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WATCH two planes almost collide in US

Two jets carrying 159 people came seconds away from disaster above Syracuse Airport

The US Federal Aviation Administration (FAA) has opened an investigation after two commercial jetliners came perilously close to a mid-air collision in upstate New York on Monday. Dashcam footage captured the moment the planes crossed each other’s paths.

The incident took place in the skies above Syracuse Hancock International Airport on Monday morning, as American Airlines flight 5511 was coming in for landing, and Delta Air Lines flight 5421 was taking off from the same runway. The two Bombardier CRJ700 aircraft were carrying a combined 159 people.

Dashcam footage captured by a police car on the ground showed the jets rapidly converging on each other’s flight paths, before the American Airlines pilot turned to avoid the plane climbing below him.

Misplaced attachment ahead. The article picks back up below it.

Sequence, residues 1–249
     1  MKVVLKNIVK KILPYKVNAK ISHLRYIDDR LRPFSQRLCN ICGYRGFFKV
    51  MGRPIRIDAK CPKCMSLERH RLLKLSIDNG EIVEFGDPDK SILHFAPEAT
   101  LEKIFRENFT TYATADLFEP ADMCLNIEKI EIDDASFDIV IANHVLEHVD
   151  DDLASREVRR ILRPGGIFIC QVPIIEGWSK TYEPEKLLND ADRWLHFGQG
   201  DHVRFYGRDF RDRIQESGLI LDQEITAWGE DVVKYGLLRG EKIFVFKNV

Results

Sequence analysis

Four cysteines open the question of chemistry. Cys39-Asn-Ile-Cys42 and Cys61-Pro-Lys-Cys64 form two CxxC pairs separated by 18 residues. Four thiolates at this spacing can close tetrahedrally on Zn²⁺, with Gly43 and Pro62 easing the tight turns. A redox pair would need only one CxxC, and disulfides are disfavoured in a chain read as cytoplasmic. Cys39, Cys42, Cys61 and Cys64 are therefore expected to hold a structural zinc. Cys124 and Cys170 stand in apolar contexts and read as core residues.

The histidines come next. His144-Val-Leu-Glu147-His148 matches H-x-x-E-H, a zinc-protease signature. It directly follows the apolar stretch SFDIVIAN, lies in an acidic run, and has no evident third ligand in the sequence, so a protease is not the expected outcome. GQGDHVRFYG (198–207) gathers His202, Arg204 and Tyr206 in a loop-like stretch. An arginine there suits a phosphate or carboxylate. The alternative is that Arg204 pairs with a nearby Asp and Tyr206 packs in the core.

Both planes were cleared to use Runway 28 at the airport, according to air traffic control audio posted on LiveATC.net. As the jets approached each other, a different voice asked the controller “who’s cleared for takeoff on 28?” The controller can then be heard telling the American pilot to “go around.”

According to CBS News, the American Airlines pilot climbed before turning right, a move that caused the plane to lose some altitude. After the turn, flight 5511 was just 675 feet (205 meters) above flight 5421, and 425 feet (129 meters) off its path.


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The FAA said on Wednesday that it was investigating the incident, and Delta confirmed to CBS that it would cooperate with the probe. American Airlines acknowledged the investigation, but offered no comment.

The near-miss is the latest in a series of accidents at American airports. On Monday, a United Airlines Boeing 757 lost a wheel as it took off from Los Angeles International Airport, before ultimately landing safely in Denver, Colorado. Back in January, a Boeing 737 MAX 9 operated by Alaska Airlines lost a chunk of its fuselage in mid air shortly after takeoff from Portland, Oregon. The company’s output plummeted as multiple other safety issues were made public in the months since. 

July 11, 2024 at 10:25PM
RT

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